Martin’s relations wept when they heard he was safe.
UK Coal was founded by Richard Budge in 1974 as RJB Mining. Following the defeat of the year-long miners’ strike in 1984-85, 170 pits were closed and thousands of workers laid off. In 1994, the remaining 15 pits were privatised.
RJB Mining grew fivefold with the acquisition of British Coal’s core assets. The company changed its name to UK Coal in 2001 after Budge retired.
It is now the largest extractor of coal in the country. Last year, it claims to have mined approximately 14 percent of all the coal burned in the UK—equivalent to the energy needed to provide around 5 percent of the country’s electricity requirements. The company posted total revenue in 2010 of over £351million.
As well as operating three deep mines, the company also has three surface mines. Due to price increases in imported coal in recent years, as well as other forms of energy, the economic viability of British mined coal has increased. UK Coal has subsequently proposed a series of mainly opencast mining developments, including the Minorca mine in Measham, Leicestershire.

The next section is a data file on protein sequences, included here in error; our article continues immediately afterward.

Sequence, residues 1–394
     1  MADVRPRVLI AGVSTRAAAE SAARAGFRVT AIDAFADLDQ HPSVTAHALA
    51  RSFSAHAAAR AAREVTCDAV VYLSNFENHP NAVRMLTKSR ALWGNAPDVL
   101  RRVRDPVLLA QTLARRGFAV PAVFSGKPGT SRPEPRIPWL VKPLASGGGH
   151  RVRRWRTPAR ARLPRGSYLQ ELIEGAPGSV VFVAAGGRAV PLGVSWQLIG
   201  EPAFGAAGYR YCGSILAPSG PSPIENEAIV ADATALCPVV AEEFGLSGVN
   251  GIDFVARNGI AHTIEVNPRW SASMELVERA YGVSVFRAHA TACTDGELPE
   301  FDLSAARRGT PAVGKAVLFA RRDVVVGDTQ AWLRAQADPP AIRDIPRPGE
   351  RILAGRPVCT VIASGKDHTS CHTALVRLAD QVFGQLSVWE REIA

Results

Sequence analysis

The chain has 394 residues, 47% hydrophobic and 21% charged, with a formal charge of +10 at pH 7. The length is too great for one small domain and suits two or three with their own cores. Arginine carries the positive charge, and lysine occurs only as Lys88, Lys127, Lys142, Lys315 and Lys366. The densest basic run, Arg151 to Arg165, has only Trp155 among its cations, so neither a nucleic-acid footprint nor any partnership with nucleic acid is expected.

The Kellingley incident occurred on the eve of the funeral of Charles Breslin, 62. Breslin died alongside David Powell, 50, Garry Jenkins, 39, and Phillip Hill, 45 on September 15 at the small private hillside Gleision colliery in Swansea Valley, Wales.
All four were killed when a retaining wall holding back a body of water underground failed, flooding the tunnel where they were working. As the WSWS explained, their appalling working conditions—in extremely confined spaces, using explosives and shovels to remove the coal—exposed the revival of Dickensian-style exploitation in mining and other industries across the country.
A welcome board at the Kellingley pit states that this is a place where “Safety Comes First”. But Gerry Gibson is the third fatality in three years.
In September 2008, Don Cook, 50, was killed in a rock fall. On October 18, 2009, Ian Cameron, 46, died at the colliery after equipment fell on him.
Less than a year ago, on November, 30, 2010, 218 workers had to be evacuated after an underground methane gas explosion. The colliery was closed for two weeks.
UK Coal has also received summonses from the HSE relating to four deaths in separate incidents at its other collieries.
UK Coal boasted in its Interim Report for 2011 that, “Our three deep mines produced 3.1 million tonnes. Daw Mill, Kellingley and Thoresby all achieved higher levels of output than in the first half of 2010.”
The pressure for production at Kellingley is indicated by the fact that the pit was open and producing coal over the whole of the Christmas 2010 period. This was to make up for production lost during the closure following the methane gas explosion a month earlier.
On Wednesday it was revealed that the number of mining deaths has risen more than five-fold—from three deaths between 2000 and 2006 to 17 from 2006 to today.